I remember the days when buying a new laptop came with the extremely difficult decision of upgrading from the stock 8GB drive to a 20GB drive. Wow, those were the days!
Today, I'll be lucky if I go out for a single event and come back home with less than 30GB of video footage for my next video.
To give you an idea, My Taste of Huntington Beach footage came out to about 50GB, if I recall correctly, the video I shot for Andrei's during their July promotion was about 35GB. A lunch review, like the American Grub one, may take up 8-20GB.
It's undeniable that this is a trend that will not stop anytime soon. For the most part, when I create a new video for Youtube, I archive the raw footage and after a few months, I just delete it.
Unfortunately, video files are notoriously difficult to compress without loss of quality.
I know some people keep all the footage, indefinitely. If I did that, I'd have over 50 terabytes of data just hanging around.
Imagine those people that are shooting daily vlogs at 4K. WOW, they are probably in the hundreds of terabytes range per year. I don't envy them at all.
So I think deleting the raw stuff is fine for now.
However, there are cases where I think the raw video should be kept around for a while. For example this video I published recently: Beth Jacob Congregation of Irvine Vandalized - City of Irvine Press Conference.
I think it has more value than just publishing it for Youtube. A company may want to license it, or I may want to do a follow-up and re-use some of the footage. Who knows.
I decided to explore compressing all the files and archiving them. But unfortunately, this doesn't do much. I thought you may be in a similar situation and this will help you decide if you should even explore it.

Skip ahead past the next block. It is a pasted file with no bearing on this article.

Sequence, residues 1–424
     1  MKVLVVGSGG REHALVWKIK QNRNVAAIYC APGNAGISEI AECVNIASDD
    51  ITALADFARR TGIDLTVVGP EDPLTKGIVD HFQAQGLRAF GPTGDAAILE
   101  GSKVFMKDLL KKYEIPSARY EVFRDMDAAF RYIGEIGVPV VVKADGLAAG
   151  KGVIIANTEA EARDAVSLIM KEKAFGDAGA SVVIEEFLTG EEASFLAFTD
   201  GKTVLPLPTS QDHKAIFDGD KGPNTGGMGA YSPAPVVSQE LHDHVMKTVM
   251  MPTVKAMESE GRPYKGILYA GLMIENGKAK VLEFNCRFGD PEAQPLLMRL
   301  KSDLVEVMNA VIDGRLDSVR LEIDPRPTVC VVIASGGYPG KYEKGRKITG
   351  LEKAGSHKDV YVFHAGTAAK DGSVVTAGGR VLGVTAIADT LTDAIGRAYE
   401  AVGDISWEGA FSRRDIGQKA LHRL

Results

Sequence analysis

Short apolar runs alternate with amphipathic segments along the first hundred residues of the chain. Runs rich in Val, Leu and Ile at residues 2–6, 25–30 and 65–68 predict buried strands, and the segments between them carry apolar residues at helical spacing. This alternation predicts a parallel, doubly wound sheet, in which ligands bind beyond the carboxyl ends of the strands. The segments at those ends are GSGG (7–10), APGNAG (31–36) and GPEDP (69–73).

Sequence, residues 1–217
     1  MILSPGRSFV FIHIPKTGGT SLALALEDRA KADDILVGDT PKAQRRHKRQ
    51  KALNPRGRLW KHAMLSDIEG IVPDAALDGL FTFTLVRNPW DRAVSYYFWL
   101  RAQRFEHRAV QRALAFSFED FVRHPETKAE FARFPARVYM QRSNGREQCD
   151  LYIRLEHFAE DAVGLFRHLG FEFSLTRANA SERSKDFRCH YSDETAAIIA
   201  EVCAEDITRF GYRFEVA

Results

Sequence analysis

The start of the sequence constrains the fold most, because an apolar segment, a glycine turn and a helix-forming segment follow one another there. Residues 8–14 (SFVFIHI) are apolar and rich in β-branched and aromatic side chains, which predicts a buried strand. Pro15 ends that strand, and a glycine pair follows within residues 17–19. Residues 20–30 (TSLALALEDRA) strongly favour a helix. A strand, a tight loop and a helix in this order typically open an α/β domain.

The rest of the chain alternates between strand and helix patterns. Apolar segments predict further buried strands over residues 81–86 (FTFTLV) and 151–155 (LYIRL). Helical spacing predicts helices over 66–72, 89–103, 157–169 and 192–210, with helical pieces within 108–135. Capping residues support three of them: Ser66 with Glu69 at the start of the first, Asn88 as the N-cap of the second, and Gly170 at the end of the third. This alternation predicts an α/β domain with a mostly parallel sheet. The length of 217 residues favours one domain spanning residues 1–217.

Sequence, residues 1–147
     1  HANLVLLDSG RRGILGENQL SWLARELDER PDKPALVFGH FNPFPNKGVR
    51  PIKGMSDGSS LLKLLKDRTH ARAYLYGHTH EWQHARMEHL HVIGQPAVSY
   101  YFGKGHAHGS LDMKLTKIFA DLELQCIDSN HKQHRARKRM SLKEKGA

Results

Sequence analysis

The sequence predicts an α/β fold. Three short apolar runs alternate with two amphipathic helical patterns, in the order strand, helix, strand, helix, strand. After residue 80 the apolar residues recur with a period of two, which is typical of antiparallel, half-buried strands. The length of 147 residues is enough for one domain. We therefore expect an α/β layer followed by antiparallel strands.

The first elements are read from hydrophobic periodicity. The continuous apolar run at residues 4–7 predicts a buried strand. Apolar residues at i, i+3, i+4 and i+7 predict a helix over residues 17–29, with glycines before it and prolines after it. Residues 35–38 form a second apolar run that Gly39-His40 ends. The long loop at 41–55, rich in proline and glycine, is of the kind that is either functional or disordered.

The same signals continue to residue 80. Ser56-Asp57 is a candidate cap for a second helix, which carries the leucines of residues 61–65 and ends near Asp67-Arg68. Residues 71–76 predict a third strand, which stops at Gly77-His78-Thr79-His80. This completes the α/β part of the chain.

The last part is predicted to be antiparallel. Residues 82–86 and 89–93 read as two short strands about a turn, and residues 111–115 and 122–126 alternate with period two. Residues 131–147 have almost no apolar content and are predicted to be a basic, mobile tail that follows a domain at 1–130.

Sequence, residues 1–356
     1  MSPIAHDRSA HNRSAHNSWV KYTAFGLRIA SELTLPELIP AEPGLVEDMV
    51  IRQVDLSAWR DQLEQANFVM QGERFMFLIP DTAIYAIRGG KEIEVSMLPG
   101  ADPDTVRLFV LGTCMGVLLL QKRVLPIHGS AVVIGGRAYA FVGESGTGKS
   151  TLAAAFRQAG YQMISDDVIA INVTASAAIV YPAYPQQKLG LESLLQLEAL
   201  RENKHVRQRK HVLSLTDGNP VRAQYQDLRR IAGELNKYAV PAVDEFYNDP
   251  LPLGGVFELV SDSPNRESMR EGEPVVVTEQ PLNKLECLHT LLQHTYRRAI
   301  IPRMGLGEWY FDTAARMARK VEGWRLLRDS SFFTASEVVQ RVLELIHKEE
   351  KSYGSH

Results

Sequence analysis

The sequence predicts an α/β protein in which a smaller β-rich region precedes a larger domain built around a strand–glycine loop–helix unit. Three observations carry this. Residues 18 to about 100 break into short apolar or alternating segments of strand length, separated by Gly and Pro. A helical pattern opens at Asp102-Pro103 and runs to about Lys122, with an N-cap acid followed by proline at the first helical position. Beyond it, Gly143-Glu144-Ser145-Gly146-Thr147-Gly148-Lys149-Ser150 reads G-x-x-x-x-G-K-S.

Good ol' gz and tar.
I thought I would use a tar.gz file to get the most compression. I did a little research and came up with this command as the one that would achieve the highest level of compression:
$ env GZIP=-9 tar -cvzf /file-directory/
This makes tar, compress the files using the -9 level which is the highest available.
I also know there are some other programs that can do slightly better compression, but they aren't reliable and require special software installations.
I wanted to make my method be long-lasting and somewhat universal. It just requires that your computer can run basic tar and gz commands.
Universal and long term access.
But in the end results were disappointing.
Here's what happened. I had a directory with 12.78 GB of data in it. At the end of the compression, the result was 12.33 GB hardly any space savings.
The only benefit I see to doing this now is to maintain a clean archive of the files I have used to make vlogs. I might do it just for that reason, the 3-5% space savings is almost irrelevant.
Storage is cheap so maybe that's the real way to keep files around for a while.
In Conclusion and TL;DR
The takeaway I think is that unless a new, universal, and long-lasting method to compress video comes around, the only real benefit to doing this is to wrap up everything into one single file and then archive it; there are no real space savings with this method.